The summer of 2013 will go down as one of the most emotionally tormenting of my life.
Knowing that I’d be graduating with my M.A. in May, I started applying to jobs late February/early March, [arrogantly] anticipating that I’d be employed by May or June at the latest.
I was excited to see how many employers would come knocking at my door. I was excited to be presented with 501135 job choices, having to send “Sorry” emails to contenders who didn’t quite meet my high standards. I made a spreadsheet, I checked Monster, CareerBuilder, idealist, etc., day after day, revising my résumé, saving 5015125156 versions of my cover letter, and asking everybody I knew (and their mothers. Literally.) if there were any leads. I was pumped. This was going to happen. I’d be employed. Then I’d be rich. Then I’d save the world. In that order.
One job application turned into 15, which turned into 50, and by the beginning of August, I applied to roughly 100 jobs. I stopped using my fancy spreadsheet by the end of June, discouraged and depressed.
People would reach out to me and ask me what I was looking for. Former professors, acquaintances, family members, and friends all asked me what I was looking for. My broad answer was usually, “something in the nonprofit sector, working with young people, maybe foster kids.” I had absolutely no idea what I wanted to do. The jobs I was applying for fit into no particular category. I toyed with the idea of student affairs for a while, but I didn’t get my M.A. in that, so it was hard. I applied to a handful of res life jobs. I applied to dozens of jobs in the nonprofit sector. Administrative positions. Direct service. Social services. Counseling. Social work. Why the hell did I go back to school? I was applying to all these jobs, and nothing quite stood out to me. Here and there, I’d get excited and would pray for a call back. But most of the jobs I applied to just felt like I was going through the motions. Like I was a broke college grad eager to earn a paycheck doing nearly anything.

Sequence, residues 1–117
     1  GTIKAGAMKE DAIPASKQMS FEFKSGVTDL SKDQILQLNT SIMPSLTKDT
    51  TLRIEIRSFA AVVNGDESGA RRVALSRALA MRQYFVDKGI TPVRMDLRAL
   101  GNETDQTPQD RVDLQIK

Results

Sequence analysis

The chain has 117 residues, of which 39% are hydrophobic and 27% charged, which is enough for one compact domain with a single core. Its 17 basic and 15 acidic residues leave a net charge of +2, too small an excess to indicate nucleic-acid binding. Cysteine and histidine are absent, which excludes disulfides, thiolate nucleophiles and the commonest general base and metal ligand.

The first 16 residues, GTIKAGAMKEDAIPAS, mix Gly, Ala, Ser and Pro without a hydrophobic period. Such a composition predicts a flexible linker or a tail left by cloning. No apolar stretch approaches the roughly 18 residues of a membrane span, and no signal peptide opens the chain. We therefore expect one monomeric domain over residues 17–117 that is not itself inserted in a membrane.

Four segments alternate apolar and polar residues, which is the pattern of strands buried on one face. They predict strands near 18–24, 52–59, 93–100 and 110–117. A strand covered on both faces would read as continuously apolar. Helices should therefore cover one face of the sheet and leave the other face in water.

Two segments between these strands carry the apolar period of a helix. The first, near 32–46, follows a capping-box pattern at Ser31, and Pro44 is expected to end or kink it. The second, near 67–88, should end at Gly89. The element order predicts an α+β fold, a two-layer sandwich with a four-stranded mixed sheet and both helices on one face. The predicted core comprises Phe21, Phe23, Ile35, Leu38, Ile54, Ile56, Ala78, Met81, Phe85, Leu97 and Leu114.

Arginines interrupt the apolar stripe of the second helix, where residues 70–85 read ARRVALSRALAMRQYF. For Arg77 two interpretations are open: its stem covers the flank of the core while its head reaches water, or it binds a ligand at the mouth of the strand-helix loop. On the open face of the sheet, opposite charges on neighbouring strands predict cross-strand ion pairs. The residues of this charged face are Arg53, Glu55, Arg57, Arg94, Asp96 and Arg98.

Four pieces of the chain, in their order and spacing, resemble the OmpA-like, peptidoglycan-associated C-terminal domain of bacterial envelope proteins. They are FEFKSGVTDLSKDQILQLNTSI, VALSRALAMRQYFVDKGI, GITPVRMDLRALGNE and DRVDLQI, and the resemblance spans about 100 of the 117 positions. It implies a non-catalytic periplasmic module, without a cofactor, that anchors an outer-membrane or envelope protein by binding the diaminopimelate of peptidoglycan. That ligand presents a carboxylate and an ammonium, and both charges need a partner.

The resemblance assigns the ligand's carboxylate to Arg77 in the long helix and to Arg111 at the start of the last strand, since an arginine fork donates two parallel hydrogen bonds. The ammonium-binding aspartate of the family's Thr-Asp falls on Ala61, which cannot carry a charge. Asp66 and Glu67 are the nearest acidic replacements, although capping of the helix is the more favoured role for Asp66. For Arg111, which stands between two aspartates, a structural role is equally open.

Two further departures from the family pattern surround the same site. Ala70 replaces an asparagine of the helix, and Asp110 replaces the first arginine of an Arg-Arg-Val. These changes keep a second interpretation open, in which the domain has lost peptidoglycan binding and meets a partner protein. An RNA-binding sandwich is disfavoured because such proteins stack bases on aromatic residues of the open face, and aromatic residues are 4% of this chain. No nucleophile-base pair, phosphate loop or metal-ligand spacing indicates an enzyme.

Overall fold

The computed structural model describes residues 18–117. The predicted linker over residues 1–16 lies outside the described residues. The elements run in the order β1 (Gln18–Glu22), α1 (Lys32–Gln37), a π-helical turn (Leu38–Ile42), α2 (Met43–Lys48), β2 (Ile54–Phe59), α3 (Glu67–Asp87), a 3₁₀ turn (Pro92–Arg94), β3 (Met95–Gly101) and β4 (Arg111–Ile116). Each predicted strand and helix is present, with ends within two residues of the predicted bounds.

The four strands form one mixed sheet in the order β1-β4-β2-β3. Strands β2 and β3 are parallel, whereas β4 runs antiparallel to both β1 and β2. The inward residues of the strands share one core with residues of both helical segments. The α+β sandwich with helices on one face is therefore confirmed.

I distinctly remember considering prostitution and/or drug dealing sometime in June. It was that serious. Of the nearly 100 jobs I applied for, I went through about 10 phone screenings/phone interviews, and sat down for about 7 actual interviews. That’s a small percentage, folks.
In June, I hit a wall. I was depressed. I was sleeping all the time. I was crying. I was mean to my family. I was hopeless. I felt under-qualified, undeserving, and just confused. People continued to ask me how they could help and what I was looking for and I just didn’t know. Or maybe I was just too afraid to say it out loud. Because I know that for the last few years, I’ve had my heart set on aspects of volunteer management. But I was afraid to put it out into the universe because I was afraid of failing.
By early July, I’d mastered a completely vague, but entirely precise answer to those who asked what I was looking for. It went something like this, “I don’t know what I want to do, but I do know that when I read the job description, I’ll know that’s what I want to do.” Doh. I bet people walked away just laughing hysterically at my naïveté, but that was okay, because it was the most genuine and honest answer I could muster. I knew I wanted to do good, I knew I’d probably be happiest in the nonprofit world, but beyond that, I couldn’t think of a job title that matched what made me light up inside.
Through those summer months of job searching, I’d hear from close friends and family over and over that it would all work out, that I had to be patient, that I would eventually end up exactly where I belonged. I believed it, but it was hard. Bills stacked up, debt increased, and days just flew by as the light at the end of the tunnel seemed to be running further and further away from me.